A British Court Just Froze the Assets of Inigo Philbrick, a Dealer Accused of Holding $14 Million Worth of Art Hostage

The request came from German financial company FAP, which is suing Philbrick in the US.

Inigo Philbrick, ©Patrick McMullan Photo by Clint Spaulding/PMC
Inigo Philbrick, ©Patrick McMullan Photo by Clint Spaulding/PMC

The scandal surrounding troubled art dealer Inigo Philbrick is heating up. A British judge has issued an order to freeze millions of dollars worth of his assets in the wake of several lawsuits alleging that he is improperly holding or has sold major artworks that don’t belong to him.

The so-called “freezing injunction,” dated November 7 and first reported by ARTnews, was issued in response to a request from Fine Art Partners (FAP), a German company that collects art and is currently targeting Philbrick in court.

FAP sued Philbrick in early October in Florida, accusing the well-connected dealer of breaching their agreement and improperly withholding art worth approximately $14 million. Until recently, Philbrick—who comes from a celebrated art-world family and who got his start at London’s White Cube gallery—operated spaces in London and Miami. The Miami space now appears to have closed; calls to the gallery went unanswered.

The German company FAP is seeking the return of valuable blue-chip art that it had entrusted Philbrick to sell, including two stainless steel works by Donald Judd; a piece by Wade Guyton; two Christopher Wool paintings; a work by Yayoi Kusama that is now on view at the ICA Miami; and two Rudolf Stingel paintings, one of which has become the target of yet another ownership claim.

“The reach of this alleged fraud is as significant geographically as it is financially; many people in many jurisdictions, here and abroad, are claiming to have been victimized to the tune of many tens of millions of dollars,” said Judd Grossman, a Manhattan art lawyer representing a third Stingel claimant and a number of individuals and entities impacted by the alleged scheme.

According to the order issued by London’s High Court, a copy of which was obtained by Artnet News, the seizure will come as a surprise: the directive was made without providing advance notice to Philbrick. He has now been forbidden from removing any assets “up to the value of $13.7 million” from England and Wales until the next hearing on November 20, according to the documents. The order applies not only to artwork in the country, but also to funds held in HSBC and Santander bank accounts controlled by Philbrick.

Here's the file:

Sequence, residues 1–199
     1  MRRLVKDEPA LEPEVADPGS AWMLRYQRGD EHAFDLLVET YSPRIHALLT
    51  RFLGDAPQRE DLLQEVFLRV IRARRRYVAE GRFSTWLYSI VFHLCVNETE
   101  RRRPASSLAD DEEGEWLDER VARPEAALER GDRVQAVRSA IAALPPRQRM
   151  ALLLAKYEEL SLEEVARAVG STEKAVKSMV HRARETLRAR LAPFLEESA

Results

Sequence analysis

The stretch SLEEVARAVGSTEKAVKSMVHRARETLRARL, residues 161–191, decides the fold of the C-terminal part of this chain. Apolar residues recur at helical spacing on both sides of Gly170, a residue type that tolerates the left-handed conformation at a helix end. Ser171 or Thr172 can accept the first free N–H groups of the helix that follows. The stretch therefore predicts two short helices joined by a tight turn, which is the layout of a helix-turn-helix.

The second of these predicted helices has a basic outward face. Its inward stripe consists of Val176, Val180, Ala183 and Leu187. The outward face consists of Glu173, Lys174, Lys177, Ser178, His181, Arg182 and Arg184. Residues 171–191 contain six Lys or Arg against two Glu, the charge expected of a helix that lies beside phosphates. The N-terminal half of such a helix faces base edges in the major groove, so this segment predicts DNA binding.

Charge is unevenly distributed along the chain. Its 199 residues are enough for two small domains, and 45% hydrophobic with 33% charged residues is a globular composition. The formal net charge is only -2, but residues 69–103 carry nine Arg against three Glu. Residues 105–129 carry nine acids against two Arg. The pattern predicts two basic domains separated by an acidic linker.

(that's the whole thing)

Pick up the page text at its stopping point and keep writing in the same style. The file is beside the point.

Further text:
Neither Philbrick nor his attorney immediately responded to Artnet News’s request for comment.

Yayoi Kusama, All the Eternal Love I Have for the Pumpkins, detail, 2016. Wood, mirror, plastic, acrylic, LED. Courtesy Ota Fine Arts, Tokyo/Singapore and Victoria Miro, London. © Yayoi Kusama.

The public will soon know more about this saga. The order stipulates that within five days, Philbrick must provide information on each one of the works listed, including whether it has been sold; who or what entity has title; how much it sold for; and where the proceeds from the sale are being held.

One of the works mentioned that is of particular interest is Kusama’s installation All the Eternal Love I Have for the Pumpkins (2016), which includes a request to provide information about “when the artwork was sold to MVCA.” This is a reference to a Riyadh, Saudi Arabia entity that is reportedly the current owner of the installation. ICA Miami, which has the Kusama work on display, lists “Collection of the Royal Commission for Al-Ula,” a reference to the Saudi city that the kingdom hopes to transform into a cultural destination, as the lender’s name. Philbrick is listed as a supporter of the show.

This is likely not the end of Philbrick’s legal trouble. FAP also plans to file a claim in Germany as soon as possible, according to the order.


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